Editor's note: This article has been revised to correct an error. A previous version incorrectly reported the school's findings regarding their investigation into the referenced accusations. We regret the error.
For now, a Chicago federal judge has permitted a onetime student's suit to proceed against the University of Chicago, saying, while the student must furnish a more full explanation, he has squeaked out a plausible case a school official encouraged retaliation against him for complaining about sexual assault allegations.
The ruling was laid down Sept. 20 by Judge Edmond Chang, of U.S. District Court for Northern Illinois, favoring a student known in court papers as "John Doe," who is suing the university.
The suit also concerns two female students, whose names are hidden in court papers behind the pseudonyms "Jane Roe" and "Jane Doe." Chang explained the parties are permitted anonymity, because of their "relative youth" and because the case involves sexual accusations.
In spring 2014, a female student accused Doe of sexually assaulting her, but university officials determined there was not enough evidence to support her allegation. The woman then told people, in person and online, Doe assaulted her. The school found the evidence did not support a finding of guilt. However, the female student next put his name on the "Hyde Park List," which purported to name people guilty of "gender-based violence." The campus is in Chicago's Hyde Park and Woodlawn neighborhoods.
Doe complained to the university, but said officials replied the school's confidentiality rules prohibited him from refuting the accusations. Officials also allegedly declined to take action against the woman. Doe and the woman ended up in a physics class together, with Doe removed from the class at the woman's behest, according to court papers.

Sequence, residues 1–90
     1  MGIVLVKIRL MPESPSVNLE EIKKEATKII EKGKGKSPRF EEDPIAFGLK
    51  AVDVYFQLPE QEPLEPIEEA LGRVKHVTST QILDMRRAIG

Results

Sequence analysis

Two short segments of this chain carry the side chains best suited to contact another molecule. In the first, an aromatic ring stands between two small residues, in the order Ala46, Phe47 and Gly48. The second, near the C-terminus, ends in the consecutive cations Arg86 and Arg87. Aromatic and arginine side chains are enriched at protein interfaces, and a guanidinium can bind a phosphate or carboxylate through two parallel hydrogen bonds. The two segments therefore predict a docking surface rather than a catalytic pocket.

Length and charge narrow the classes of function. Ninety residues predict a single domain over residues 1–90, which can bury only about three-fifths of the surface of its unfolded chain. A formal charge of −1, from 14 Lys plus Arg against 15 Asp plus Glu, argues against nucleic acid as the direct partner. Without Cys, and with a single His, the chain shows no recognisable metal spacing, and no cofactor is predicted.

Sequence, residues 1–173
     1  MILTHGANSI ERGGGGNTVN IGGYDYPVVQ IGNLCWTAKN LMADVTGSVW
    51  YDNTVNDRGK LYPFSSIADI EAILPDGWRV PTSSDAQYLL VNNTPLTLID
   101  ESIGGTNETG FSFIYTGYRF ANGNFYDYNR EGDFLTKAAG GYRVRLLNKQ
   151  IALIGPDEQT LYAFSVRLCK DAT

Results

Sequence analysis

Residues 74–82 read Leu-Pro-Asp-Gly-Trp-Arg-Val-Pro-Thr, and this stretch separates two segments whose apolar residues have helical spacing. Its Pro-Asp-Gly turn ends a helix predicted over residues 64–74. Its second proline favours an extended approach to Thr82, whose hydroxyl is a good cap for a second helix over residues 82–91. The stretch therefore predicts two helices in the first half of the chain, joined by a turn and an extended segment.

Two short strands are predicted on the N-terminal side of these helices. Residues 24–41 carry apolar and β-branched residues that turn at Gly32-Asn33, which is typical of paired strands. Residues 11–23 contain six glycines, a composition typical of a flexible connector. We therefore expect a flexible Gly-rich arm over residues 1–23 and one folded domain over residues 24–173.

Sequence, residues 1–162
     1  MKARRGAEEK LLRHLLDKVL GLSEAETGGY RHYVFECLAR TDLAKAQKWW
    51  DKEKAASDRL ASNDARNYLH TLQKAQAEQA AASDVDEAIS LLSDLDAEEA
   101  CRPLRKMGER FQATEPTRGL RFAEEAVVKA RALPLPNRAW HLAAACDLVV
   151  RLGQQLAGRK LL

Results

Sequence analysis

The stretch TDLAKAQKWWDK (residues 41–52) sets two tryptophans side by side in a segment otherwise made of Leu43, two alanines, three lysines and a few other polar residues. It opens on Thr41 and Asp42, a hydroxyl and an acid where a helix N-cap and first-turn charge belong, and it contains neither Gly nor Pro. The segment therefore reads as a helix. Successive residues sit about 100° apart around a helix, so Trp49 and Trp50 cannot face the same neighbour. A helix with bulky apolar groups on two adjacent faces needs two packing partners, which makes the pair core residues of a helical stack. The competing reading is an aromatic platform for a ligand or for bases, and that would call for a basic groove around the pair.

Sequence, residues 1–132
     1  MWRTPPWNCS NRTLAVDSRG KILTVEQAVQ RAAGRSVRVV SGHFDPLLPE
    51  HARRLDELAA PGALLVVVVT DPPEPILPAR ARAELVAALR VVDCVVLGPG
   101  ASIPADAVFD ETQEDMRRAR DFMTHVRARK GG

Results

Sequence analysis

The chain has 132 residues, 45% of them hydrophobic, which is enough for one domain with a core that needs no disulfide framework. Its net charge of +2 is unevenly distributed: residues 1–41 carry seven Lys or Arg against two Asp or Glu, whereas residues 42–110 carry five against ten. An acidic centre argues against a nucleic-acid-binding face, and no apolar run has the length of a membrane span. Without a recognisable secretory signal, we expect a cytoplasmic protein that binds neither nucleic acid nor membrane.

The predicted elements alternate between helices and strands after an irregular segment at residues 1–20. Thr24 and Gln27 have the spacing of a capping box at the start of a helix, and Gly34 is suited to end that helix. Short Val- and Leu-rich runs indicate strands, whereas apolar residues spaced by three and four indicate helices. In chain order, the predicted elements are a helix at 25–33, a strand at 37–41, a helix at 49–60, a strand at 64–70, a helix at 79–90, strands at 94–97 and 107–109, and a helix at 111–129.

Another female student also made online accusations from 2014 to 2016 that Doe assaulted her.
Doe said he then complained to the school that the female students' conduct toward him constituted sexual harassment, but officials declined to take action. Instead, Dean of Students Jeremy Inabinet allegedly encouraged the first female student to lodge a retaliatory complaint against Doe, according to Doe.
Doe filed suit against the university in August 2016, claiming the institution violated federal law by discriminating against him, because he's male. In particular, Doe claimed the school favors sexual complaints lodged by females at the expense of males, because the school wanted to appease the officials then in charge of the U.S. Department of Education's Office of Civil Rights under former President Barack Obama.
The university countered Doe's action should be tossed, because he failed to show any violations occurred.
Judge Chang tossed the part of Doe's suit that argued the women sexually harassed him, determining they were not sexually motivated in their alleged harassment.
"There is no reason to think that Jane Roe and Jane Doe’s comments were aimed at John because of his gender. The allegations suggest only that Doe and Roe harassed him either because they believed he had committed sexual assault or because of personal - not gender - animus," Chang said.
However, Chang did "narrowly" conclude John Doe has viable claims he was the target of discrimination by the school, retaliation and intentionally inflicted emotional distress. Chang said he is allowing these claims to go forward, based on his interpretation Inabinet intentionally urged one of the women to direct a retaliatory complaint against Doe.
However, for his ruling to stand, Chang said Doe must provide a position paper by Oct. 2 confirming Chang's interpretation "intention" was involved or explaining how the claims should otherwise be read.
A status hearing is scheduled for Oct. 5.
Doe is represented by Saper Law Offices of Chicago and Rosenberg & Ball, of Granville, Ohio. The university is defended by the Chicago firm of Franczek Radelet P.C.